Photo Expedition to Antarctica, the Great White Continent and land of ice.
The continent of Antarctica is a little bit bigger than the continental US although during the winter when ice forms all around it the continent doubles in size. About 90% of the world’s ice and 95% of the earth’s fresh water is in Antarctica. Antarctica is an ice covered land mass surrounded by seas while the Arctic is a frozen sea surrounded by continents. These differences create very different weather systems and environments. In fact the continent of Antarctica is actually a polar desert being one of the driest places on earth.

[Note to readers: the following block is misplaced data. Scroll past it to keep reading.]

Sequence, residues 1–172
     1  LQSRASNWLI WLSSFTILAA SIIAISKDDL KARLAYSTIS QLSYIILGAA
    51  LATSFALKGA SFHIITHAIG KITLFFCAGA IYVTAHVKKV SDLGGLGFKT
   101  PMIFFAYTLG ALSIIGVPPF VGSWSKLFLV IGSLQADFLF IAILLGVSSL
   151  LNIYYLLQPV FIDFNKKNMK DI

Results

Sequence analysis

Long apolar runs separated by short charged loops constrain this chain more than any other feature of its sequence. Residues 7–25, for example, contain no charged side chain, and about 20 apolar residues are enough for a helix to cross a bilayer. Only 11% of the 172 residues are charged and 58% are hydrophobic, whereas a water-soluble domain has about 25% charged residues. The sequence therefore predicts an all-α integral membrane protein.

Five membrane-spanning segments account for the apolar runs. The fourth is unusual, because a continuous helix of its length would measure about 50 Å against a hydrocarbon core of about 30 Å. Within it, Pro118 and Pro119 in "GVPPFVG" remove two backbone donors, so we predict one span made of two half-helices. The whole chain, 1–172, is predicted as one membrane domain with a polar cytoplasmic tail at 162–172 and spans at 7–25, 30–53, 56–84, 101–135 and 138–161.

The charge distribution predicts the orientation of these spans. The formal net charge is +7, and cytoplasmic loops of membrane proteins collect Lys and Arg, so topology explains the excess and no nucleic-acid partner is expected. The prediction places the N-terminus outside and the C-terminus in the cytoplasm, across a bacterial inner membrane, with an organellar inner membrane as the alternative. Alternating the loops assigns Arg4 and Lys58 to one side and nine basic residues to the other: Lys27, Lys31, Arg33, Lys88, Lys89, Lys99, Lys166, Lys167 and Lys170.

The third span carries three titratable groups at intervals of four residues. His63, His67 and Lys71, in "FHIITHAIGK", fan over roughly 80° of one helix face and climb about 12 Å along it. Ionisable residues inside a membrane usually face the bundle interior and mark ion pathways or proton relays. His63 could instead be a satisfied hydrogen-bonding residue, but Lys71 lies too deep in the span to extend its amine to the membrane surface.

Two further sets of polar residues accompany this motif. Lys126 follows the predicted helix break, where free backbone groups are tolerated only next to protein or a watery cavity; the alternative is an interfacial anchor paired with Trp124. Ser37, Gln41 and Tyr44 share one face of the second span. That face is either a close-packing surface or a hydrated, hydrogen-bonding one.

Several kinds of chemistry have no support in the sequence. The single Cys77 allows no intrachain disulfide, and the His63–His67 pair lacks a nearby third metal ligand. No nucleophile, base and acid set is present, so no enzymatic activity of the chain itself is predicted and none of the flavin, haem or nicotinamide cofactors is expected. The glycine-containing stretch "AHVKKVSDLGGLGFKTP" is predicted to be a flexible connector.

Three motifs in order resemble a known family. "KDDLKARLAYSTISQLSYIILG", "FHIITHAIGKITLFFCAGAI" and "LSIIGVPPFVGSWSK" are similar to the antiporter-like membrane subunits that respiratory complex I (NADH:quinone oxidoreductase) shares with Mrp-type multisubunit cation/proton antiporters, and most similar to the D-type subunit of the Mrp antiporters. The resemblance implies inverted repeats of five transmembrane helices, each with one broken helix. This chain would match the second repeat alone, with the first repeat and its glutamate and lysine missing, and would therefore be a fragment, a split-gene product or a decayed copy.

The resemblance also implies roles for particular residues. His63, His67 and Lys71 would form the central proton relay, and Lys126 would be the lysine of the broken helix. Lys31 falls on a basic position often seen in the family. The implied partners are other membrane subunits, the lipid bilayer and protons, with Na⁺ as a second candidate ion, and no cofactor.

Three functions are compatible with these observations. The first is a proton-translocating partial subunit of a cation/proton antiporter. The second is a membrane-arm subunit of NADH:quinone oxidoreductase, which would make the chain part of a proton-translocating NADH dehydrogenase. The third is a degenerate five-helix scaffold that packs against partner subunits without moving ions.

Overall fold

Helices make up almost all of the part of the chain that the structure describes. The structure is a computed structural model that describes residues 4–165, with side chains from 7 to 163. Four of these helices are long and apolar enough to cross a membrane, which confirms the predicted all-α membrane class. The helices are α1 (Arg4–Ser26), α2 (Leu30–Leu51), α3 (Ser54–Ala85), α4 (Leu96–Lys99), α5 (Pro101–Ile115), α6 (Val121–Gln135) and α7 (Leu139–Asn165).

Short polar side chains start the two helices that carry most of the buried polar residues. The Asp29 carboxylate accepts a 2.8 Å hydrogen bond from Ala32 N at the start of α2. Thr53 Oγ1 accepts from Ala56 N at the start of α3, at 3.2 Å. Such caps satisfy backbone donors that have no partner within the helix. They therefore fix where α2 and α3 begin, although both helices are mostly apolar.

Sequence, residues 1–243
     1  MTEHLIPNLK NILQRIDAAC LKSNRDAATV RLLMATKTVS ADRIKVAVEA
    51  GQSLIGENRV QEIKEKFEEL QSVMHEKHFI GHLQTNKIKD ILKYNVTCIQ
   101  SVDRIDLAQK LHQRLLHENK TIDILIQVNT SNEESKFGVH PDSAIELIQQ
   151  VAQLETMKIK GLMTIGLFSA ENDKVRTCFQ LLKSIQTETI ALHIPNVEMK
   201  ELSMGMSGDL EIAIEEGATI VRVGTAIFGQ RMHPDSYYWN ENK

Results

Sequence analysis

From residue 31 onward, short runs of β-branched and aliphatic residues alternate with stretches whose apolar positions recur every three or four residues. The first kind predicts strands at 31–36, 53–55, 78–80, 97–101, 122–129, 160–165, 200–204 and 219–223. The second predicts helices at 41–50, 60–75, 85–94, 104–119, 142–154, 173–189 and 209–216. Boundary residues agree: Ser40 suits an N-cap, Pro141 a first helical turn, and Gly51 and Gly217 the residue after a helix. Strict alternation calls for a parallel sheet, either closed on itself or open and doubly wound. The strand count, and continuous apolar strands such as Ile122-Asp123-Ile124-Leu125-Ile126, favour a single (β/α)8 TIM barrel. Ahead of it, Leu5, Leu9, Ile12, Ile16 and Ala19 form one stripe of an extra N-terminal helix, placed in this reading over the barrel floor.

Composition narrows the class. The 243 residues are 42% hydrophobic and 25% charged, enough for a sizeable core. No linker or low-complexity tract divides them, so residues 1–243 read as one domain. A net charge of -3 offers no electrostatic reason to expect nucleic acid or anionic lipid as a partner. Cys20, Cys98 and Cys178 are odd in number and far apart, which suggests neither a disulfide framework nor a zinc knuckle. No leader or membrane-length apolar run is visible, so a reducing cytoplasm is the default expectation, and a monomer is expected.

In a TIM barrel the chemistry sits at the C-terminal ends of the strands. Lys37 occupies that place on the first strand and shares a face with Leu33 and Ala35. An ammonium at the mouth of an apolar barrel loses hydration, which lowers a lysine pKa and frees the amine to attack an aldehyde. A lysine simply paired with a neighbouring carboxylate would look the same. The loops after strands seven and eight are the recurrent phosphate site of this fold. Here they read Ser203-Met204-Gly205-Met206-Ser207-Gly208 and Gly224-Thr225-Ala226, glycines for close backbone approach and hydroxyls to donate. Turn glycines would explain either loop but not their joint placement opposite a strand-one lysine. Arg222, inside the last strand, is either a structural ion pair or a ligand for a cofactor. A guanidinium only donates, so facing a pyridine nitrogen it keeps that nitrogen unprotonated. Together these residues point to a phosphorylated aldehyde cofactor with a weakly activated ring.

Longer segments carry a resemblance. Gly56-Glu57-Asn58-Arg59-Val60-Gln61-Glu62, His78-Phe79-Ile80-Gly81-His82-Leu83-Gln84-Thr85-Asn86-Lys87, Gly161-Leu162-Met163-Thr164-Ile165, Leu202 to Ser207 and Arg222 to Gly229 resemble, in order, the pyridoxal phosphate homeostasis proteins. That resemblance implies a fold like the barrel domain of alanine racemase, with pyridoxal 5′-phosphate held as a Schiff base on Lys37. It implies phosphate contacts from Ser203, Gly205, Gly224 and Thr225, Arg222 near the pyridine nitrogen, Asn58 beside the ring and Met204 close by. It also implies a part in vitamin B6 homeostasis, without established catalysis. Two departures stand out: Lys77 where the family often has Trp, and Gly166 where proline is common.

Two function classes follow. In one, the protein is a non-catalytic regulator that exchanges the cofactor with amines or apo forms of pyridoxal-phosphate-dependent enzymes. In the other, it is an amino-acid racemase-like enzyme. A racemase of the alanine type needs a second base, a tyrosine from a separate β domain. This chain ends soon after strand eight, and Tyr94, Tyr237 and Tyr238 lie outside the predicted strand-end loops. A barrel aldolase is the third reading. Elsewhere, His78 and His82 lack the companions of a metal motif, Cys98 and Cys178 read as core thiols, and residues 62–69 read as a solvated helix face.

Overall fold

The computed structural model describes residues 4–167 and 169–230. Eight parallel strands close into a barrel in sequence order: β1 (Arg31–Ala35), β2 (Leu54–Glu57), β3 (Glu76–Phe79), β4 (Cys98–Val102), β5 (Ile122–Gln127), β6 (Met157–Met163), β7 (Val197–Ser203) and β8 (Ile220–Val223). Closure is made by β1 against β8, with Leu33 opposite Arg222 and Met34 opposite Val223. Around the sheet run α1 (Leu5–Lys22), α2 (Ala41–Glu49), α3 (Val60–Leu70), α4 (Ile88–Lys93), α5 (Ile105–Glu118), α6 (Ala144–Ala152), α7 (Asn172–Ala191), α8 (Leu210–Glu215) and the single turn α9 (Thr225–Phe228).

Antarctica is a very mountainous place although its deceiving as 98% of it is covered by snow and ice with only 2% ice free, which is where penguins and seals gather to breed. The ice is on average 6,600 feet thick extending to over 15,000 feet thick in areas. Some of the ice is over 650,000 years old. The highest peak is Vinson Massif at 16,960 feet with many mountain tops over 9,000 but smothered with ice. This is the windiest and coldest place on earth with average winds of 45mph and gusts of 150mph are common. The lowest temperature ever recorded of minus 129.3’F was taken here. Most of the coastline are high ice cliffs which periodically break off or calve creating icebergs. Other icebergs are created by the calving of glaciers as they move into the sea or the breaking up of massive ice shelves. The pacific ocean coastline is the main area of exposed rock and beaches making it one of the few places to land. The summer season which runs from November to February is really the only time people can visit Antarctica. Our ship The National Geographic Endeavour was the first ship to visit Antarctica this season. What we saw took our breadth away. When we thought we had seen the most awesome place our next location was even more awesome.
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